Diameter of rope or host doesn't matter to friction ; but rather the relationship between rope vs host diameters matter to efficiency/tensile support maintained i think.
Counterintuitively/ our eyes lie to us, collective arc frictions compound by degree of contact, not distance of contact. Thus, need to purposefully filter and adjust what eye hands to brain. A larger capstan/bollard easier on rope and dispersed heat byproduct, more substantial size/strength, possibly bigger heatsink if metal etc. host, NOT greater friction. To this model, nylon rope of any diameter (that rope can properly seat ) on aluminum pipe lends same brake force w/same amount of turns/degrees of contact in 2" or 2' diameter capstan(windlass) or bollard(fixed). Classically a windlass is horizontal vs. capstan vertical; but just a window dressing of same machine force to me.
. Thus, the Capstan/Bollard Effect, Stephen W. Attaway, Ph.D Att_Frict.pdf (link) shows effect of rope frictions compound arcs on Porty, Fig8., Rappel Rack, rocks etc. math in arcs on this; as an exponentially compounding math. The math used for calculating the compounding frictions in rope arcs is virtually same as calcs of exponential compounding growths of intere$t, population, disease spread, wave forms etc.
My own fledgling effort of Frictions CoF spreadcheat(link) now has a calculator can alter the CoF value in green dropdown shows how this would work with different mated materials in different amount of 180 arcs. 180 measurement as shown in ATT_FRICT.pdf preferred to me as also incorporates the single axis directional back and forth from a directional/linear input more recognizing directional factor maintained from input of Standing Part linear force converted to radial control of arcs. Thus not applicable to Round Binding against swell of force from all directions/axises in 2D dimension as radial/not linear force input to rope.
We take a focused, single direction 1D linear rope force and disperse to all axis/radial (2D) to control. Reverse of explosion radially 3D in all axises/directions, funneled/concentrated to one axis/ 1D, with 1 end blocked to force all force to now fold into now single direction on the single axis in gun barrel or engine cylinder type container. Axis contains equal and opposite pair, direction is output. Rope dilutes 1D linear to 2D radial, tbut gun/engine takes 3D radial and concentrates down to linear 1D (reverse utility).
A stone arc(h) bridge, is same miracle as rope arc to me. Only bridge uses all cosine and sine (all produced forces) expressing as compression to support, voiding the tension; because non-malleable masonry/stone/cement w/o modern binders has tension tolerance = ~10% of compression tolerance. Rope is reverse; cant use compression in rope for support so is opposite direction of all tension from cosine/sine thru rope arc vs compression in stone arc. Same principle of the same ruling geometry, just opposite direction of force flow of tension vs compression directions from the equal & opposite(less friction) end points force flow direction thru device/arc.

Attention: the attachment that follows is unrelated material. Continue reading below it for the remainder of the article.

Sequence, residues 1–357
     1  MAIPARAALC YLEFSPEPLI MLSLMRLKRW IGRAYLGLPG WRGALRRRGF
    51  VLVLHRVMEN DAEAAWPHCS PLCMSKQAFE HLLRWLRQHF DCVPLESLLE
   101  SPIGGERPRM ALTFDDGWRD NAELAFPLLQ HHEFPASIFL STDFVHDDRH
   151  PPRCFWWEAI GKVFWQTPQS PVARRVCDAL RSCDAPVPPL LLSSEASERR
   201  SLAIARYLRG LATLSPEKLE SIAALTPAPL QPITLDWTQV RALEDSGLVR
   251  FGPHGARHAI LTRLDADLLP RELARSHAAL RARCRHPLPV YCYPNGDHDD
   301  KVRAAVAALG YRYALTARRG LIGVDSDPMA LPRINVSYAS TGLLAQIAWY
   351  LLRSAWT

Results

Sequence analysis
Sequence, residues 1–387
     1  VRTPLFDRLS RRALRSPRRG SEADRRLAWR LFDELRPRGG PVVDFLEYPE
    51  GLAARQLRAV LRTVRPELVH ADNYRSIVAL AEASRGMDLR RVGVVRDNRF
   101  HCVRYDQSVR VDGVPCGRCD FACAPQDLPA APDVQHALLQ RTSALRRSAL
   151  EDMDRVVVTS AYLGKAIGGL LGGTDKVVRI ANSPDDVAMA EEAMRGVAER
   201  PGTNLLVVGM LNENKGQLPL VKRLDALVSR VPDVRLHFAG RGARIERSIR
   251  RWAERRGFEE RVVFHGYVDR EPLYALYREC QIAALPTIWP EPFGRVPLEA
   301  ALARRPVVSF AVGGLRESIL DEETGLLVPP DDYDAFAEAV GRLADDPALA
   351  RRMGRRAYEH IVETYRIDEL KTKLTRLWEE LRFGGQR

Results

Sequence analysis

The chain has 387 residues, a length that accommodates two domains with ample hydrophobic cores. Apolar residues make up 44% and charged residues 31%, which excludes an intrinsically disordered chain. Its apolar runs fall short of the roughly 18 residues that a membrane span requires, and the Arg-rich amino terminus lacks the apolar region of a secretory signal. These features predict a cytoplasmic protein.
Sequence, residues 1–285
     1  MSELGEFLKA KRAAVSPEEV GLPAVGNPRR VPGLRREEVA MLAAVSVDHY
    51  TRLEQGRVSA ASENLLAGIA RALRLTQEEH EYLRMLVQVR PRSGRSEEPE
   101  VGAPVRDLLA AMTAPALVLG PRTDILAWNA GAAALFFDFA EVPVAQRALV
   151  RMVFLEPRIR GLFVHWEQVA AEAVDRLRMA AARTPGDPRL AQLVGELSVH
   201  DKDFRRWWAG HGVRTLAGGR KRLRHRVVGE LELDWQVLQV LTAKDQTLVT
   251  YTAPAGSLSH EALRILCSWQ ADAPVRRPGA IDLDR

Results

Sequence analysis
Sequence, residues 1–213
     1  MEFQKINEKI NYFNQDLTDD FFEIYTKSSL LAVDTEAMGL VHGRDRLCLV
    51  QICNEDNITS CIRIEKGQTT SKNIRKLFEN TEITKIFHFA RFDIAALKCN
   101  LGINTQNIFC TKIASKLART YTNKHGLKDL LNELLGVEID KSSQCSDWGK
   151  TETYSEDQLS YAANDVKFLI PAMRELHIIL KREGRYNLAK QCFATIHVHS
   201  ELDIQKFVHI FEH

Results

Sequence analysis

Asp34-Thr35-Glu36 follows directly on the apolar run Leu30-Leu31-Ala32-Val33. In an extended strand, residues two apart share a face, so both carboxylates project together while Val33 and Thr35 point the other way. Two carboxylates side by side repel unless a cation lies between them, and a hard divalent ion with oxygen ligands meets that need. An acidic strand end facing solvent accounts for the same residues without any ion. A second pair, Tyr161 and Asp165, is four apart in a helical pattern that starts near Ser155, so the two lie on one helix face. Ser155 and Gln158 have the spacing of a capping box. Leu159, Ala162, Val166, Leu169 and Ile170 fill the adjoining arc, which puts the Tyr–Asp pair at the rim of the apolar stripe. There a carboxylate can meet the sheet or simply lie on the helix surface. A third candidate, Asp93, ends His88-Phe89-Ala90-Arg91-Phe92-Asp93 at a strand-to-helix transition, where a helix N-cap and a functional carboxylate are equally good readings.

Tree Bones/wood has tension tolerance = ~70% compression tolerance but the Ancients wanted non decaying non-malleable structure to survive the ages. Steel a good choice as tension tolerance = ~100% compression tolerance, but they had not tamed nor really even found it back then.
Cycles to failure very relative, even in same day from elasticity point, that can fade and come back later from an initial dynamic hit. From more macho strength view cycles are more of long term to degradation that is permanent loss to static capacity. i think inside of it working rope less harder thru those cycles with less hits, lower leveraged force angles and more efficient knots that don't work rope as hard for same task can be a factor. If before Hitch or Bend had choice of Overhand or Fig.8 to pass thru, i'd think fig8 rope would not only be stronger but last longer to same tasks, just more efficient. Just like kink in chain or cable, would not last as long, as wears out faster, working itself harder.
Kenny, I don't think the bollard equation tells the whole story. When you get down to real small elements like in a rack, or the zigzag or unicender the radius at contact induces effects in/from the rope. In my data same material different bollard diameter shows this effect as different calculated effective mu's although mu should be the same due to identical materials and surfaces. I appreciate you reinforcing the exponential nature of the bollard equation to me. Real eye opener.
I think development of devices just deal with this empirically.
i agree on several levels - in this Direction !
To this counter-intuitive arc world(as flagged by Ancients);
Capstan Theory best start i think tho for our purposes.
And is truer to simpler continuous Bollard/Capstan arcs than more complicated/contradicting Rack even tho subtle changes from rule, they do pivotally define tho IMHO.
Bollard/capstan present a ' complimentary/radial list' of arcs in continuous direction arc is Native to.